When it comes to American earthquakes, everyone’s understandably worried about the “big one” – a catastrophically energetic slip on the San Andreas Fault, several sections of which haven’t moved for centuries. However, as a new Nature Geoscience study reminds us, many in the general public may be focused on the wrong place.
A team led by the University of Texas Institute for Geophysics (UTIG) have been poking around the Cascadia Subduction Zone (CSZ), which runs from northern California all the way up to Vancouver. It’s 1,000 kilometers (621 miles) long, and features the Juan de Fuca tectonic plate slipping under the North American plate at a strange angle.
A careful peek at the CSZ’s geological record has suggested that it’s not only primed to rupture again sooner rather than later, but it’s also more likely to generate another “big one” than many previously suspected. There's no sign than anything is imminent, but this nevertheless highlights that it’s not just California that’s at risk of a devastating earthquake – it’s the entire western seaboard.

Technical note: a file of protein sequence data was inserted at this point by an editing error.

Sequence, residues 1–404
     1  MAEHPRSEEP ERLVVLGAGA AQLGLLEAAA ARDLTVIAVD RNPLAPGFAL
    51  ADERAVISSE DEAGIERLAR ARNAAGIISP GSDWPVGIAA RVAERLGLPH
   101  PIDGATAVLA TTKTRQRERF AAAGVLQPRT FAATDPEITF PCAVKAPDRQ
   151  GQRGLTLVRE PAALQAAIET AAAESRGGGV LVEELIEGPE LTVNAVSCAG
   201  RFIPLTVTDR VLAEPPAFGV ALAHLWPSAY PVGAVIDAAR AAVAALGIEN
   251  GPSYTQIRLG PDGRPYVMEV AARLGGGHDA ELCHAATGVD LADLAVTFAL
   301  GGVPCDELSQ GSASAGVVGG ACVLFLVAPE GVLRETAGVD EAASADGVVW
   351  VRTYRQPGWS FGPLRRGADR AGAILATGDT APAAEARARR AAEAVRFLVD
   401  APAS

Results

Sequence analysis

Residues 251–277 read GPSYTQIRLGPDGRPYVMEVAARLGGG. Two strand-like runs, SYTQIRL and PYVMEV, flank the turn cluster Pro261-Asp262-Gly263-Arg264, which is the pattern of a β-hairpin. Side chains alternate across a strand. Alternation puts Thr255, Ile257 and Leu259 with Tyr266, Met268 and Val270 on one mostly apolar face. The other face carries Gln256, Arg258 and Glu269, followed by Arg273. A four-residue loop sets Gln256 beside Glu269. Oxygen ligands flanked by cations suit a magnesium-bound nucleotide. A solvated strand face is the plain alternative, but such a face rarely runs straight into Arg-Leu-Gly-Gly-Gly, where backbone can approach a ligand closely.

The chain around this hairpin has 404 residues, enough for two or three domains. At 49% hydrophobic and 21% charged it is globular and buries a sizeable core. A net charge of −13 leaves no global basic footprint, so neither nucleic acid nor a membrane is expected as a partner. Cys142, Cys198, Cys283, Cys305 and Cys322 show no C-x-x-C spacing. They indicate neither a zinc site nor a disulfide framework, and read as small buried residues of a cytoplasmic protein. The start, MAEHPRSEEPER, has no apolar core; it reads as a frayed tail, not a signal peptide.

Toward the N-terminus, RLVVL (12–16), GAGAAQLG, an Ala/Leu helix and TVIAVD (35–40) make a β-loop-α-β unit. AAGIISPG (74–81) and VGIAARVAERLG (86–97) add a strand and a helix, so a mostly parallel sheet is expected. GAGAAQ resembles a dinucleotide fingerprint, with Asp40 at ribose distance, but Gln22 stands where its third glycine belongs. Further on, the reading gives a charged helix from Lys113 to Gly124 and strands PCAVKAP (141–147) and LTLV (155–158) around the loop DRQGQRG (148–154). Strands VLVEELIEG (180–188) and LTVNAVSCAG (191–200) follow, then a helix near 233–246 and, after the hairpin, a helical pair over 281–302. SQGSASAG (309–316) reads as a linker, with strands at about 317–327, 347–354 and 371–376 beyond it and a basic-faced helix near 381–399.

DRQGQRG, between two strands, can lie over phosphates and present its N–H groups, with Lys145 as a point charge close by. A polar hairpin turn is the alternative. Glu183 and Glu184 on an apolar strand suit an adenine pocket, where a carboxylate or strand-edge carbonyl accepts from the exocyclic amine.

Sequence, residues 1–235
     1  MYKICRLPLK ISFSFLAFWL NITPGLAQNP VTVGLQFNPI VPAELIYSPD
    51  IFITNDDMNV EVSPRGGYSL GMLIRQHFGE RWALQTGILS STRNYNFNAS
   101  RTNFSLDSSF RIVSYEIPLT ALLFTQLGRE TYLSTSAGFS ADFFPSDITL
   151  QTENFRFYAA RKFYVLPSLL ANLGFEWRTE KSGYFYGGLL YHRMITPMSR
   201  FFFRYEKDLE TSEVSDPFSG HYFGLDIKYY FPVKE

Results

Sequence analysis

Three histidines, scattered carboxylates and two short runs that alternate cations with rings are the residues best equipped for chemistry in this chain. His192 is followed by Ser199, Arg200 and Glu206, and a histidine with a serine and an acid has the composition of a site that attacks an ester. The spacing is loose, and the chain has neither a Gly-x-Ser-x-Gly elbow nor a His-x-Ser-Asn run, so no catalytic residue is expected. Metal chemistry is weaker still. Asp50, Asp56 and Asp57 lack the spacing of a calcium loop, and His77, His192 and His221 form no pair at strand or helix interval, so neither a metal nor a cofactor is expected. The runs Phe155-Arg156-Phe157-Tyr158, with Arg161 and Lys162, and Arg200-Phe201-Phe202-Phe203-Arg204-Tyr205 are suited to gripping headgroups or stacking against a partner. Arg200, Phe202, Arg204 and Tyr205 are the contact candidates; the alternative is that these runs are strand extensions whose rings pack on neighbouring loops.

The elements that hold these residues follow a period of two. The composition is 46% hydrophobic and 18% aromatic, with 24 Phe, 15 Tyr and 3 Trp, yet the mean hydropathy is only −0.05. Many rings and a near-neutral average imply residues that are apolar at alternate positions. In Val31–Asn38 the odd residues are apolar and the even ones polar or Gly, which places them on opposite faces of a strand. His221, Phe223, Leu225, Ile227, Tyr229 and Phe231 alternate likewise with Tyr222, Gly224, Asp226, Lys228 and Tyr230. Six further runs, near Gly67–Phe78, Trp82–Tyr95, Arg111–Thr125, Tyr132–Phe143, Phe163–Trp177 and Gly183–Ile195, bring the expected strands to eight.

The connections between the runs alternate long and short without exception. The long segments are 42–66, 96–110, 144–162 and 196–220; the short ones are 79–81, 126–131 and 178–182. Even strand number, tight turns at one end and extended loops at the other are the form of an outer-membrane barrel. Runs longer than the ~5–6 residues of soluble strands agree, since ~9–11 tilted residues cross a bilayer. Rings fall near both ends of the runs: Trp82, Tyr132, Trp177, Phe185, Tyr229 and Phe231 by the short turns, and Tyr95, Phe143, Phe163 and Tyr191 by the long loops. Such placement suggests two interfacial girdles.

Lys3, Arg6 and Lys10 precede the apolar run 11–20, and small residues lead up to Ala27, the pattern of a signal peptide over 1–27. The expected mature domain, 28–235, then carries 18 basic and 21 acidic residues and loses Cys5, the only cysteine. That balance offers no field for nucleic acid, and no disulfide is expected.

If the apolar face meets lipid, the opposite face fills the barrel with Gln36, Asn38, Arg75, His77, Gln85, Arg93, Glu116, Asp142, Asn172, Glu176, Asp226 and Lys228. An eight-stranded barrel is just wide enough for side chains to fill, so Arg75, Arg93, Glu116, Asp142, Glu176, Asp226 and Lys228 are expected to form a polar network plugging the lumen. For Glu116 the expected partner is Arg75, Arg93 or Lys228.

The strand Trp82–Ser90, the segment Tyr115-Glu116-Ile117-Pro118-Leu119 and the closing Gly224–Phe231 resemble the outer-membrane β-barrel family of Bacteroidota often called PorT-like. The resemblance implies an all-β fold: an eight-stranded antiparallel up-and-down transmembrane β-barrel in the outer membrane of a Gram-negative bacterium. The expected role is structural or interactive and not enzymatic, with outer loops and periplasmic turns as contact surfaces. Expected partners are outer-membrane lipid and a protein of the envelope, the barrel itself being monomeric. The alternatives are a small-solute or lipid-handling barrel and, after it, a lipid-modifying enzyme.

The CSZ, as aforementioned, is a subduction zone, and the world’s most powerful earthquakes are always generated along them. Any major movement after a period of friction along the CSZ would primarily affect Oregon and Washington State, home to a combined 11.4 million people.
The danger of the next “big one” occurring here has always been on the minds of the United States Geological Survey (USGS), who are acutely aware that a 9.0M megathrust quake could devastate cities like Seattle and Vancouver.
The team note that a thick sediment band overlies the oceanic Juan de Fuca plate. As with many subducting plates, this material accretes as a wedge above the convergence point between the two plates, which, among other things, weighs it down.
This influences how stress is released during an earthquake. Unfortunately, the team’s discovery reveals that the wedge above part of the CSZ is inadvertently doing all it can to prevent stress from being unleashed.